LePage announced he intends to put a statewide ballot measure before voters in 2016 that would ask them to amend the Maine Constitution to eliminate the state’s income tax for good.
He told Eileen Heidrich of Turner that that way he would be sure his goal to end the state’s income tax completely could not be undone by politicians in Augusta.
“We are working on the language; we’ve been working on the language the last two days,” LePage said. “It’s going to put a specific date that the income tax has to be repealed totally in the state of Maine.”
LePage said he was hoping to set the year 2020 into his ballot question for that repeal to go into effect. Currently, nine states have no income tax.
LePage’s current proposals, parts of his two-year state budget package now before the Legislature’s budget-writing Appropriations Committee, offer sweeping reforms to the way Maine raises and spends money, including a dramatic reduction in the state’s income tax in exchange for an increase and broadening of the state’s sales tax.
Under his proposal, LePage seeks to reduce the state’s top income tax rate from 7.95 percent to 5.75 percent. His sales tax proposal includes increasing the state’s sales tax from 5.5 percent to 6.5 percent and broadens it to include most products and services sold in the state. Many services currently are exempt from the sales tax.
The move, LePage told the audience of about 100 people gathered in the school’s gymnasium, would push more of the state government’s costs onto tourists.
“The whole purpose of my budget is to make Maine more prosperous and to give the Maine worker the largest wage increase since the 1960s,” LePage said. “This is better than any minimum wage you can talk about. This will propel the economy for decades.”
LePage’s comment came just a day before the state’s largest labor unions will host a State House rally urging lawmakers to increase the minimum wage, which now is $7.50 per hour.
Other controversial parts of the proposal include a move to end state revenue-sharing with cities and towns and replace it with a property tax on nonprofit organizations that hold more than $500,000 in property.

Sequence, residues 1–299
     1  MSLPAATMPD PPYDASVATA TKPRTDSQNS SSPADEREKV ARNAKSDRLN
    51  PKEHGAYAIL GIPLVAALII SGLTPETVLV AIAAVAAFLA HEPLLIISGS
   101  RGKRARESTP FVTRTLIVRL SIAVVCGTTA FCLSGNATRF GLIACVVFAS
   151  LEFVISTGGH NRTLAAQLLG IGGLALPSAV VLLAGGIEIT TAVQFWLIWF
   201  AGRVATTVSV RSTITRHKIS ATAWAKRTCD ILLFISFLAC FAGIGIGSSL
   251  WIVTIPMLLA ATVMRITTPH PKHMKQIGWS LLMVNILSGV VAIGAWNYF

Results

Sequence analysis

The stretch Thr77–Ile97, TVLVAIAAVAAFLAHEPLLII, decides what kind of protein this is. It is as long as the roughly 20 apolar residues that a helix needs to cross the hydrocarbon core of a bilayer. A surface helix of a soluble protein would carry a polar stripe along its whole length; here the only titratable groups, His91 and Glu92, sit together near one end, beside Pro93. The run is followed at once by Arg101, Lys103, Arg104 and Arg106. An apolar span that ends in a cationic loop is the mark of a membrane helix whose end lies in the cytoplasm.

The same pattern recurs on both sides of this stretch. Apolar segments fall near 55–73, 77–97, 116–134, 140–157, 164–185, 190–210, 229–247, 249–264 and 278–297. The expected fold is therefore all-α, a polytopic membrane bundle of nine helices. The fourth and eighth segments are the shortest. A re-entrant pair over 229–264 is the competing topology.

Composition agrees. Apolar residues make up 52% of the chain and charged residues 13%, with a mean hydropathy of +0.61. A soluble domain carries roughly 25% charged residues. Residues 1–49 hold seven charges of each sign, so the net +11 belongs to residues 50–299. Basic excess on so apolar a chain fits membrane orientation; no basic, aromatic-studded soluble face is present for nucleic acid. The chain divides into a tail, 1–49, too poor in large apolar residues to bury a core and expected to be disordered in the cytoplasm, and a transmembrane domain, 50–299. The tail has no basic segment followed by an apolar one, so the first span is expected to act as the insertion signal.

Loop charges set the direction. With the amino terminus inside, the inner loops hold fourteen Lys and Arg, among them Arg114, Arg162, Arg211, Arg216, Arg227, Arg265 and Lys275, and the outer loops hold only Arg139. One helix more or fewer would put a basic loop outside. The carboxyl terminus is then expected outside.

Some Lewiston-Auburn area residents expressed reservations about that part of the plan.
“In Lewiston, we have seen both services cut dramatically and now tax increases because of some of the revenue-sharing shifts and really, it’s a tax shift to local municipalities,” said Jim Lysen, a Lewiston retiree and former city planner who is an active member of the progressive Maine People’s Alliance. “What I think your budget does is shift, rather than say what other cuts you are making on social services.”
Lysen said he wanted to know, “Why does it make sense to further exacerbate local municipalities with this tax shift and really, to the taxpayers themselves, … at a time when income equality and wealth equality is the worst it’s been in the history of the planet — so why now?”
LePage said the answer to “why now” was simple.
“Because, frankly, the income tax never should have been here,” LePage said. “Bringing in the income tax was the start of the downslide in the state of Maine.”
He said other states with lower or no income taxes were “booming.” He said the move would finally make the state competitive.
LePage’s budget proposal also seeks to reduce the state’s corporate income tax from 8.93 percent to 6.75 percent. The changes would put Maine about in the middle of the pack for corporate and personal income tax rates among the states.
The property tax on nonprofits LePage is proposing would most affect hospitals, private colleges, and other nonprofit entities, including nursing homes. But LePage reassured residents that churches would remain property-tax-free under his proposal.